It turns out that the first mention of a red carpet can be traced back to the 5th Century BC, and Aeschylus' play Agamemnon. In the play, the king's wife, Clytemnestra, prepares the carpet as a way to set up her cheating husband to be murdered. Agamemnon walks the red carpet set out for his triumphant welcome home and Clytemnestra whacks him. And that's what you all get for cheating on me, you son of a bitch ex husbands!!!!
But I digress.

So it turns out that my psychic fear of walking red carpets is really just a repressed memory of a past life in an altered state. Wow. Who would have guessed? Now it all made sense. I swilled down the rest of my Asian ale, fixed my blood red lipstick, licked my one good fang for luck, paid my bill and headed across the street. To finally face my demons.

Four minutes later I was settled into the seventh row center of a nearly packed theatre listening to Greg Travis introduce the actors in the film, many who were now in the audience. Inspired by the fact they were all still alive and upright and that some like the director's sister, Stacy Travis, had just recently been on the TV show Mom with Anna Faris and was still beautiful, well that made me feel really good.


And spotting comedian and actor Rick Overton (someone I'd been following on Facebook for a year because he just seemed like a really cool dude who supported Bernie Sanders but no, I'm NOT stalking him. I don't stalk; I peep) any way, he was so absorbed in what Greg Travis was saying, it made me think how making a film that no one has ever seen before really bonds people.


And listening to G.T. tell his tale of perseverance and hard work and never giving up even when the footage had been lost for decades was genuinely inspirational. It made me want the movie to be really terrific and I wished good karma for all the folks involved. And also for myself for actually making it to this point and on time despite all the obvious setbacks.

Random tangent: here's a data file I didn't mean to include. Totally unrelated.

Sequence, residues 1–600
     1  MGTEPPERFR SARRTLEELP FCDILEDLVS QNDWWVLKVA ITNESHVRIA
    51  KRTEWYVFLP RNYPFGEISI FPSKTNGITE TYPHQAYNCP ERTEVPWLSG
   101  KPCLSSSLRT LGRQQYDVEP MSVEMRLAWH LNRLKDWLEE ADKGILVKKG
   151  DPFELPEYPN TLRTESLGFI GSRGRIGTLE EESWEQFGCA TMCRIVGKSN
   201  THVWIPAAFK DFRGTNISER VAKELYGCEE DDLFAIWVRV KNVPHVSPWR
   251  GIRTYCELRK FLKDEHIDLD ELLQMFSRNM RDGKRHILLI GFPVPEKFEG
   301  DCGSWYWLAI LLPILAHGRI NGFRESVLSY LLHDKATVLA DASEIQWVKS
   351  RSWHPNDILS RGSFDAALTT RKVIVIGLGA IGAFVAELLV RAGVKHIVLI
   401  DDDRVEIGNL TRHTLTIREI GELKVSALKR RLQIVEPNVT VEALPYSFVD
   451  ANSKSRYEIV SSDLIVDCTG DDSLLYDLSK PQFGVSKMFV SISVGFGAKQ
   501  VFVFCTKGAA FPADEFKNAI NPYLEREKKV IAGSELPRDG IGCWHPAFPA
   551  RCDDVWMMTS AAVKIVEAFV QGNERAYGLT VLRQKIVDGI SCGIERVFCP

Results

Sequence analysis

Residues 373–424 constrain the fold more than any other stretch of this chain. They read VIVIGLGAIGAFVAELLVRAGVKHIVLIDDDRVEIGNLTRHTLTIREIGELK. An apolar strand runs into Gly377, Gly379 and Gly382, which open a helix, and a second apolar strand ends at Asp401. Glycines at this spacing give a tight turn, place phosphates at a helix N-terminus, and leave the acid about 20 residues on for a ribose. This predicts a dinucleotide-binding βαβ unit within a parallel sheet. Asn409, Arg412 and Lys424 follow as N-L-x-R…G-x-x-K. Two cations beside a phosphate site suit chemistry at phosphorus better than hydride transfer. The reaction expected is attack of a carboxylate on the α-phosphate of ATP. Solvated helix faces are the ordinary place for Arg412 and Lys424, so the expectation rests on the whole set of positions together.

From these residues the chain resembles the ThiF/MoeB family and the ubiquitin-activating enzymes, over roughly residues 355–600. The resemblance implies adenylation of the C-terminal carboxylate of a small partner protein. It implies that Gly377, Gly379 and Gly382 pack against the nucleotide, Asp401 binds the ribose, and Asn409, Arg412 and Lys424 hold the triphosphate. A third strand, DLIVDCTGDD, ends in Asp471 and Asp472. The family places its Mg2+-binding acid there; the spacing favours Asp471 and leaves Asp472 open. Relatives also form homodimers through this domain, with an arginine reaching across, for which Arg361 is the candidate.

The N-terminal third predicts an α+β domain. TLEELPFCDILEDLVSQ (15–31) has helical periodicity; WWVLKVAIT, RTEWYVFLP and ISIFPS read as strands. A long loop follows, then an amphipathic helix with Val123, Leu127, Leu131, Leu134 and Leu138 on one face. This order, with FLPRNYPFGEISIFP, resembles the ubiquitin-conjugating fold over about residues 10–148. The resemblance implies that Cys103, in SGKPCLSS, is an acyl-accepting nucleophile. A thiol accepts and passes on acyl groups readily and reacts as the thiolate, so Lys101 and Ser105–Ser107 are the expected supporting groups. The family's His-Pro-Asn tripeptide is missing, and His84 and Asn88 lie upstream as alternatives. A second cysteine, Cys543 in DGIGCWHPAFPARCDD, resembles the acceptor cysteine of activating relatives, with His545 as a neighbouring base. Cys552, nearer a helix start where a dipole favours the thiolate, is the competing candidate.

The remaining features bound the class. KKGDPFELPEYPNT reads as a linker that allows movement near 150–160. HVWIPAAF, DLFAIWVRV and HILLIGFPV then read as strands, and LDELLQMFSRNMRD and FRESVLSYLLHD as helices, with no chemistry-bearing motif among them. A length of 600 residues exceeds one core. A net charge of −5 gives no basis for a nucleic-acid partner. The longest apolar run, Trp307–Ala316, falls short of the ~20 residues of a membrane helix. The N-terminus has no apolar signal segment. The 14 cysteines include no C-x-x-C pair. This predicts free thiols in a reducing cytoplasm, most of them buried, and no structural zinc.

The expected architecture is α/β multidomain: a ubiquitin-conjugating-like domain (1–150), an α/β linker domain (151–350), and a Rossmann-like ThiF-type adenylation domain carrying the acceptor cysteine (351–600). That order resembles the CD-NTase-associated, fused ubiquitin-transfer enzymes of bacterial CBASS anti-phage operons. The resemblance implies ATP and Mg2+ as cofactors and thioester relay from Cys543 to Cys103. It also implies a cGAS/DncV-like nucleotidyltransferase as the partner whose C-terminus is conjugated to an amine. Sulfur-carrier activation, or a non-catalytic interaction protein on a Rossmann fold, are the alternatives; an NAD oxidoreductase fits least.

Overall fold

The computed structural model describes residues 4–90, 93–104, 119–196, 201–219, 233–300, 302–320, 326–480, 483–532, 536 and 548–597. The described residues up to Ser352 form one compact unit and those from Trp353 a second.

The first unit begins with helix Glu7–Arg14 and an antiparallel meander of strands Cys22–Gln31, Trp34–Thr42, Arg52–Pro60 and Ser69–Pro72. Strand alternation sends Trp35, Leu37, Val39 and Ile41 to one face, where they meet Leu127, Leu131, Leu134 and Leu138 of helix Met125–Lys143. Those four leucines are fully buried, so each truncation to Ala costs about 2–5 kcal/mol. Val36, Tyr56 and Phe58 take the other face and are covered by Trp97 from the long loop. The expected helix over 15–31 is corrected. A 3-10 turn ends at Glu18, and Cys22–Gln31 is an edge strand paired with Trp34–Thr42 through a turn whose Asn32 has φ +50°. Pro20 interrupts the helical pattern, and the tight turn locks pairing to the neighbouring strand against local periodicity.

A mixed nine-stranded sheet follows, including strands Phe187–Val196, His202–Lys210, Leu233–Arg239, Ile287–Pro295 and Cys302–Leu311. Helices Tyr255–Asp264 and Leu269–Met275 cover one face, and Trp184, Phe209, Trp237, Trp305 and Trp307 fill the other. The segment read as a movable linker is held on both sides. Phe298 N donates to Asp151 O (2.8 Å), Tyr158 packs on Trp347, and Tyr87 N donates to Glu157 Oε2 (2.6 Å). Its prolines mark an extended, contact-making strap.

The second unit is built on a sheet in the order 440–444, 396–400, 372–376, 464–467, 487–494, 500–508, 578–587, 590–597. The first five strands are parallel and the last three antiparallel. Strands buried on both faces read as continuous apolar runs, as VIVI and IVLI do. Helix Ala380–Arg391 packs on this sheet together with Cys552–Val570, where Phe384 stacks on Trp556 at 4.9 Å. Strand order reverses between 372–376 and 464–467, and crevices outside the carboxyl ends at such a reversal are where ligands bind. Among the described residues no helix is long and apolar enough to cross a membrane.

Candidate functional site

Then I just sat back and relaxed as the lights dimmed in the beautiful Nuart Theatre, the black and white opening scene flickered on the screen and the laughter began. It was kind of magical really and what made me want to be there in the first place. A real movie made on 16mm film with memorable characters in a funny, kooky, midnight movie kind of way. I felt like a kid again at the first matinee I ever saw at The Loring Hall Theatre in Hingham, Massachusetts when I was 7 years old, and there on the big screen blood poured out of a bathroom faucet. It made me feel really good that my tastes had not changed that much.

I don't want to give too much away. Ambivalence is the height of sophisticated filmmaking. All I really know is if a movie can make that many people laugh for a few hours at midnight in the heart of the world's most famous movie-going city and get people to forget all the problems of the world for two hours without a single special effect, how cool is that? I'd see it again in a heartbeat. With or without my fangs.

There was a lot of applause and cheering at the end of Dark Seduction because it just made everyone feel good and laugh so much, all at once and all together.


And to make it all perfect, after it was over and people were milling around in the lobby, Rick Overton himself gave me a big hug and a smile. And those inner demons? I think the lesbian vampires got them this time around. Because, after all, that is exactly what lesbian vampires are supposed to do, right?